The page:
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Test Hardware

Small Water Versus Big Air, Part 3: Cooling Questions Answered

We wanted a case and power supply that could meet the requirements of a typical performance system. While many readers voice a preference for cases that have power supplies at the bottom and huge fans on the side or top, most real-world systems use the classic mid-tower layout. Silverstone’s KL03 is almost perfect for this task.

While high-capacity power supplies are at the top of many buyers’ wish lists, real-world budgets force the majority to settle for somewhat less. A fairly solid mid-capacity unit, Antec’s NeoPower 650 is the closest thing we could find to a typical performance-system power unit.

With typical ventilation addressed, it was time to add an atypical thermal load to see just how well these coolers could perform with no other optimizations. An overclocked LGA 1366-based processor would do the trick nicely, and our retail-boxed version was already installed in our most frequently-used motherboard.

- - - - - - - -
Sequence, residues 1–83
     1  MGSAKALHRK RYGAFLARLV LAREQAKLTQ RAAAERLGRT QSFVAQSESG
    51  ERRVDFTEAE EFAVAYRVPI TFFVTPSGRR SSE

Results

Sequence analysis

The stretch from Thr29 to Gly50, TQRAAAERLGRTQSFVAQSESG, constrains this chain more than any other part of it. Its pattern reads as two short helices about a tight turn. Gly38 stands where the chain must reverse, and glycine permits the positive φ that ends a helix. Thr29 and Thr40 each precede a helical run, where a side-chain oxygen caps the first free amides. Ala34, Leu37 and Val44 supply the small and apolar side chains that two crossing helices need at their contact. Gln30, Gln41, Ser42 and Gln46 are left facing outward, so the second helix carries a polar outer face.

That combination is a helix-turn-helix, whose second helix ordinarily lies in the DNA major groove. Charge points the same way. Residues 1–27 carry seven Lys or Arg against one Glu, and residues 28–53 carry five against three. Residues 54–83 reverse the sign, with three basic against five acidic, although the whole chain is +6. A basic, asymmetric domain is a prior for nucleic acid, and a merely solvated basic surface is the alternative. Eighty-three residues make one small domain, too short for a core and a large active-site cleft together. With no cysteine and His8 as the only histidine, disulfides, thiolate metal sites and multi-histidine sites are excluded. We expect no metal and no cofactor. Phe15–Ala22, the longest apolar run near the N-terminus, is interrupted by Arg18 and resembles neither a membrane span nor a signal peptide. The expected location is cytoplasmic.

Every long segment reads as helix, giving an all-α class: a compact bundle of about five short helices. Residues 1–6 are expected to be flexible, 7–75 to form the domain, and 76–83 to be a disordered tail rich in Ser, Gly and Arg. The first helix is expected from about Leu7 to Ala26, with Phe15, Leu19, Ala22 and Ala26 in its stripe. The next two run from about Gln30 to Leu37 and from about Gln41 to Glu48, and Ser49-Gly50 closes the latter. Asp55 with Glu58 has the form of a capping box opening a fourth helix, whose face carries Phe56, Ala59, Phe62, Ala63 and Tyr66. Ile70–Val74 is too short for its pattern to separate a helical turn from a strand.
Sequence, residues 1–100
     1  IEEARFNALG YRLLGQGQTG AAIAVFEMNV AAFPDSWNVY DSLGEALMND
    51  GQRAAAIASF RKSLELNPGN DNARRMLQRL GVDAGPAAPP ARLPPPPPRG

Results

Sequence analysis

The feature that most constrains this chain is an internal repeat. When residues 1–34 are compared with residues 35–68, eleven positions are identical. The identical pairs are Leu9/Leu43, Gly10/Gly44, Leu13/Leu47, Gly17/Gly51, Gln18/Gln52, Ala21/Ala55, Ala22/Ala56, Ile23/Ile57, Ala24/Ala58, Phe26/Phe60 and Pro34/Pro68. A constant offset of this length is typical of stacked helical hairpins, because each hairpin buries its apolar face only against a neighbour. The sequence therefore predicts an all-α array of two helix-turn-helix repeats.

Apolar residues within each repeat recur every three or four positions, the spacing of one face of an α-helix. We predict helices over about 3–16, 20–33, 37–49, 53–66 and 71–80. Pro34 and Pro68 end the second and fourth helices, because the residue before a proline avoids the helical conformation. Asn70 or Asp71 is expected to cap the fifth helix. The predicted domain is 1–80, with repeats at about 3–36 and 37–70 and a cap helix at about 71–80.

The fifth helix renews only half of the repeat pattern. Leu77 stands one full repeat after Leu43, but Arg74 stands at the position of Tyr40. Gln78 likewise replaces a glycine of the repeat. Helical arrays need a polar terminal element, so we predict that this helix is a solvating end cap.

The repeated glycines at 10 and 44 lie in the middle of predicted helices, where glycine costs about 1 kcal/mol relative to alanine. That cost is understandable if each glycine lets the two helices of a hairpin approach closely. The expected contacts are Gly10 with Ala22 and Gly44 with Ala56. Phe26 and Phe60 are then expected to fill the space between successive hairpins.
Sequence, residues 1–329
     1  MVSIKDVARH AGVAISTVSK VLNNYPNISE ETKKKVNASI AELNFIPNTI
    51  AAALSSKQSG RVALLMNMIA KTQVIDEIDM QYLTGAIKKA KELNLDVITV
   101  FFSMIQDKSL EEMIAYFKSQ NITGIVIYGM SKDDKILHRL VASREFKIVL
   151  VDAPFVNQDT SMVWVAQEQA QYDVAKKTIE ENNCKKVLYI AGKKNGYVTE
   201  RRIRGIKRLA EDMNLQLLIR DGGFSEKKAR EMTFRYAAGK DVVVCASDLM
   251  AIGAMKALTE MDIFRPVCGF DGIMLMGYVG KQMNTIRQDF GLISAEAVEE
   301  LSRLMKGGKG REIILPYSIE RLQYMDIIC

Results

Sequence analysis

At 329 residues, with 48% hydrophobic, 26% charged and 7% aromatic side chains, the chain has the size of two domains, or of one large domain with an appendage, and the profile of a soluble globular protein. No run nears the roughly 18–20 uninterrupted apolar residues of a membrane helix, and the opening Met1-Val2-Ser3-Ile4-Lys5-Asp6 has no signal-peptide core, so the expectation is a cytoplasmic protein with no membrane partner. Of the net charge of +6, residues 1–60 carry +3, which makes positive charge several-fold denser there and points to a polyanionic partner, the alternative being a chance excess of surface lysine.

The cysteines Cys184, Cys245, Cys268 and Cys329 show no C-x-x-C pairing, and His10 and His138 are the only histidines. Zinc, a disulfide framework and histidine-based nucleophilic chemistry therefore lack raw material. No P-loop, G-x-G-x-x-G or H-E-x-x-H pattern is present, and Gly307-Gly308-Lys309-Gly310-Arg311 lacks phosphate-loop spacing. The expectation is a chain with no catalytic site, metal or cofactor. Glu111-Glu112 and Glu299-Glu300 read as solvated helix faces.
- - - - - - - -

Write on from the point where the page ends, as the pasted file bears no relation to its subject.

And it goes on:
Overclocked to 3.8 GHz at 1.366V and completely loaded with eight threads of Prime95, Intel’s Core i7-920 converts over 250W of energy to heat, as measured in various System Builder Marathon articles. That’s enough to tax nearly any moderately-priced cooling system.

Asus’ P6T motherboard keeps our moderate overclock stable at a moderate cost.

Kingston’s DDR3-2000 was chosen for convenience since it had already been installed in the P6T motherboard.  Though this DRAM has proven exceptionally cable throughout many X58 motherboard comparisons, its overclocking capabilities were completely unnecessary for our DDR3-1600 CAS 8-8-8-24 settings.

Our final equalizer is the use of a single thermal compound to test all of the coolers. Zalman has offered enough ZM-STG1 thermal grease so that every North American reviewer on Tom’s Hardware staff has two bottles.

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